Formed by a trio of high school kids a few years ago, Glasgow rockers PAWS have wasted no time establishing their sound and perfecting their performance. Priding themselves on “[bashing] out infectious, lo-fi, garage pop-rock that can quickly shift from cute melancholia to an unnerving territorial roar,” their lyrics cover your typical teenage topics, such as “sarcastic self-analysis and … brutal home truths.” Unfortunately, modesty and ambition only count for so much, and despite its humility and DIY charm, their debut LP, Cokefloat! doesn’t offer anything new or worthwhile. It’s rather mediocre and forgettable.
Within the opening seconds of “Catherine 1956”, one of PAWS’ biggest flaws is proudly highlighted: the vocals are amateurish and monotonous. Granted, the music doesn’t exactly call for complex harmonies and professional singing, but it’s still a big issue. Aside from that, listeners are treated (or subjected to, depending on your position) to run-of-the-mill guitar timbres, chord progressions, and rhythms. Really, the only charming thing about the track is the lyrics, which capture rather well the “troubles” of adolescent life.
“Jellyfish” is slightly more intriguing (although there’s a definite Blink 182 influence). Really, the song feels like scraps of something that a better band (namely, Mew) could recycle and improve greatly. With “Homecoming”, PAWS improves its melodic sensibilities a bit, and “Pony” sees the trio venturing toward more affective pop. It’s a relatively decent offering due to some nice guitar work and a touch of emotion. Sadly, both the music and title of “Boregasm” reminds us that we’re dealing with three inexperienced, immature “musicians”. “Sore Tummy” features admirable harmonies, and the core songwriting is definitely an improvement, but it’s still nothing special.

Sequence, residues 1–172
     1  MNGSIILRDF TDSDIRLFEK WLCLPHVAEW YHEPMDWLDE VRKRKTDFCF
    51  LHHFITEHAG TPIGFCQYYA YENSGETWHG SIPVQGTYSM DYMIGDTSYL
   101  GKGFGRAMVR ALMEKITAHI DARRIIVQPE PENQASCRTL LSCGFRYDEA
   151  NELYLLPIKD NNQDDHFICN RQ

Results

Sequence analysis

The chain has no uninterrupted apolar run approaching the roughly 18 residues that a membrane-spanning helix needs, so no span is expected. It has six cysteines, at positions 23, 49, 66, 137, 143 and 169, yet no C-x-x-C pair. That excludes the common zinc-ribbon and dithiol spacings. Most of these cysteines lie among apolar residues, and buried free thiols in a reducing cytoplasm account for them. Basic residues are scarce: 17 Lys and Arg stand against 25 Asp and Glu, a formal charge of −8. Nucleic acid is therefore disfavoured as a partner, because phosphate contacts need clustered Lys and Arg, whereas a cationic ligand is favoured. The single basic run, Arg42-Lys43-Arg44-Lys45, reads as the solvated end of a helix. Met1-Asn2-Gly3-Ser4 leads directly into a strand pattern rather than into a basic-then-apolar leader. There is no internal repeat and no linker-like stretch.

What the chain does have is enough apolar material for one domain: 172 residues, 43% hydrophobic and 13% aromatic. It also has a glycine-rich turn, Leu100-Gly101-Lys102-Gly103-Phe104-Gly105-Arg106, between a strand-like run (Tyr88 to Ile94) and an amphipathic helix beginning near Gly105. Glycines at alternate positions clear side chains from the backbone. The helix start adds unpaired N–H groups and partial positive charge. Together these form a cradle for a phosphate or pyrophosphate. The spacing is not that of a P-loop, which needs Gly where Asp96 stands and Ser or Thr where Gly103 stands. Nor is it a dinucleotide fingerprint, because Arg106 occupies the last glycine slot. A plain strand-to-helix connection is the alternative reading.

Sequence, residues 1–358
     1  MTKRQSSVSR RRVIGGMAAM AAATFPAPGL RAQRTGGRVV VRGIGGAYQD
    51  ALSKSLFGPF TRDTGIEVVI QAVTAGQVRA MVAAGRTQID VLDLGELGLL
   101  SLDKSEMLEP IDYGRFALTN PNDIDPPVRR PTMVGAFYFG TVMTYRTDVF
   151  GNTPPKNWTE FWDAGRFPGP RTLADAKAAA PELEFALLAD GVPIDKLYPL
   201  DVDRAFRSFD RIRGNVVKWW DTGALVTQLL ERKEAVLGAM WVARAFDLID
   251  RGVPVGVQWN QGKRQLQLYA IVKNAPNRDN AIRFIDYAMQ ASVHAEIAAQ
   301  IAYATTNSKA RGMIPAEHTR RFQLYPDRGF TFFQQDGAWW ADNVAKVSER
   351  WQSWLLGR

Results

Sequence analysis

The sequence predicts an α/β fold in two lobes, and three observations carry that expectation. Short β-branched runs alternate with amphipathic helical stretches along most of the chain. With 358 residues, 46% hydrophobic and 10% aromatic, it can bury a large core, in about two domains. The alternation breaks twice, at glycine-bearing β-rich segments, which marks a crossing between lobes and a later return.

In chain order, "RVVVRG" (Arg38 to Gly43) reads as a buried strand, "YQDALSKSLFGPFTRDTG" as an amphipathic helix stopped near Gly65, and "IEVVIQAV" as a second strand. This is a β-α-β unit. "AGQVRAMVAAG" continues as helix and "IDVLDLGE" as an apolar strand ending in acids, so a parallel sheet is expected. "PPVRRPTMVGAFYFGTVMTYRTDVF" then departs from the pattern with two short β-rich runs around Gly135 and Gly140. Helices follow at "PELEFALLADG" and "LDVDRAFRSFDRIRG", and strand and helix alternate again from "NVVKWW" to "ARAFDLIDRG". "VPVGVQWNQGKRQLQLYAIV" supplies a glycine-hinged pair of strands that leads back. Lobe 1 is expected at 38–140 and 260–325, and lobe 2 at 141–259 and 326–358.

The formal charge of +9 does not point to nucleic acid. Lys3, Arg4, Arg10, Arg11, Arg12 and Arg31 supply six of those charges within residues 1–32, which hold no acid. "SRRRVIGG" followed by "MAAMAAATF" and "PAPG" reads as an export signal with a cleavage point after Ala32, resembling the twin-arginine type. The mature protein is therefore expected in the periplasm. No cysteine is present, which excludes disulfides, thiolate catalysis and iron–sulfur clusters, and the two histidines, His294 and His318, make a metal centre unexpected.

There’s a refreshing delicacy to “Get Bent” that makes it the album’s best track overall (which, let’s be honest, isn’t really saying much). Its somewhat interesting arrangement helps it stand out a bit. With “Miss American Bookworm” and “Winner’s Don’t Bleed”, PAWS seems to be invoking the spirit of At the Drive-In, but it’s more in terms of volume and approach than quality and execution. Finally, album closer “Poor Old Christopher Robin” is probably the most diverse song, as it features a fair amount of dynamic shifts. Its sense of finality is effective, too, which is good, right?
As you can probably tell, it’s a bit hard to grant Cokefloat! few positive remarks. While it’s not obnoxious or invasive, it’s also not the least bit pleasant, memorable, or new. I suppose the trio deserves some level of respect for attempting something artistic, working together to see their ambition come to fruition, and doing all they can to spread the word about it. However, the end result is absolutely ordinary and meaningless. It sounds muddy and uninspired (which, while probably intentional, doesn’t make it any more acceptable). In essence, PAWS isn’t doing anything here that many other bands, such as Nirvana, Loud Family, Pearl Jam, and the Pixies, as well as the other aforementioned artists, didn’t do first and much better. PAWS can’t be faulted for playing together, but they can be blamed for officially releasing their output and expecting anyone to care.